Union seeks solutions to beef crisis
NFU Scotland is to meet with other farming unions to tackle dire market situation. Beef farmers and crofters in Scotland continue to be under severe pressure due to desperately poor market returns.
Beef prices for farmers and crofters are down at least £200 per head on prime cattle compared to last year and prices have not seen any significant rises since the spring. Beef steers have been averaging as little as 340p/kg since July according to figures from Quality Meat Scotland, meaning finishers are making a loss on every beast sold.
NFU Scotland has been pushing to generate solutions from within the membership as well as with industry stakeholders to identify short, medium and long term solutions. A ‘Red Meat Crisis Panel Night’ has been organised in in the North East Scotland to discuss the market situation will be held at Thainstone Mart on Monday 30th September at 7pm.
The Scottish Government also held a beef meeting in Stirling on 12th August to invite views from stakeholders on what more could be done about the situation at which NFU Scotland was well represented.
Throughout the summer, NFU Scotland ran the #BackScotchBeef campaign, encouraging the Scottish public to support Scottish farmers and crofters. This sought to raise public awareness of the desperate situation the beef industry finds itself in as well as the key role they, as consumers, can play by supporting Scotch Beef PGI and thereby improving the market returns for Scotland’s beef farmers and crofters.
NFU Scotland officeholders will travel to Belfast and Brussels in the coming weeks to discuss the beef market situation with fellow UK farming unions and their European counterparts, all of whom are suffering from poor returns for beef.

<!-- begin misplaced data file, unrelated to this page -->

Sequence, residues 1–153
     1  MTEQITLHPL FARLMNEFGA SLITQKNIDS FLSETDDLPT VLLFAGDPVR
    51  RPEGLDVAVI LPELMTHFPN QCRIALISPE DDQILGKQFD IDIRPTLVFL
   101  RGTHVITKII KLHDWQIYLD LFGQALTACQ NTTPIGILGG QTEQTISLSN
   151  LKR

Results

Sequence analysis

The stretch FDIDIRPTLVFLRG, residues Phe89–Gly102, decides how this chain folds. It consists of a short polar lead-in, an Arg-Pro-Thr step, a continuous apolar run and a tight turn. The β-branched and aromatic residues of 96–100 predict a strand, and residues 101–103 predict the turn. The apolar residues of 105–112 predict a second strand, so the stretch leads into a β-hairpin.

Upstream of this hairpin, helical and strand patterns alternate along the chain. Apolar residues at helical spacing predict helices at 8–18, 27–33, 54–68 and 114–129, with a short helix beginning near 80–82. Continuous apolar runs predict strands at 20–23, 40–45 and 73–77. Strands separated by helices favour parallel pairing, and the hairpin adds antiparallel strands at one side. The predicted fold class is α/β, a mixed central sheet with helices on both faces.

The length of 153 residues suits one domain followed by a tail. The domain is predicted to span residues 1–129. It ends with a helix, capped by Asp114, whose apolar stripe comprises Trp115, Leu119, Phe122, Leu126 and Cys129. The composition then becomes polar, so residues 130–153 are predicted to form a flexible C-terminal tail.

NFU Scotland Livestock Committee Chairman Jimmy Ireland said: “There has been no chink of light in the ongoing beef crisis and the mood among beef producers is very downbeat, frustrated and angry. A farmer with 100 prime cattle to sell will be receiving £20,000 less than they got back from the market last year.
“Warnings from across the country are that suckler herds are bound to go off. That is deeply concerning, not just for Scotland’s iconic beef industry, but the impact that will have on the positive environmental and sustainability credentials of Scottish suckler herds and the hard work of farming families running these farms
“Last month, I attended the Scottish Government’s stakeholder meeting in Stirling and I’m disappointed that we’ve yet to see more action come out of that. For our own part we’ve written to the UK Government urging clearer origin labelling on beef products and carried out an extensive beef burger shelf watch in order to hold supermarkets to account.
“This Friday, I’ll be in Belfast with Irish, Welsh and English beef representatives from fellow unions arguing that we need to see a resolution to this situation with some urgency.
“Next week, I’ll travel to Brussels where European beef farmers will discuss the collapse in the European beef price and the irresponsibility of a Free Trade Deal with Mercosur which could allow greater beef imports, to the detriment of farming families and businesses across Scotland and Europe.
“Farmers are experiencing dire market prices for beef and further action on behalf of our members will be top of the agenda at NFU Scotland’s next Livestock Committee meeting in early October.
“If supermarkets, foodservice operators and wholesalers continue to want environmentally and climate-friendly grass-based Scottish beef, then they must pay a sustainable price for it. No ifs, no buts.”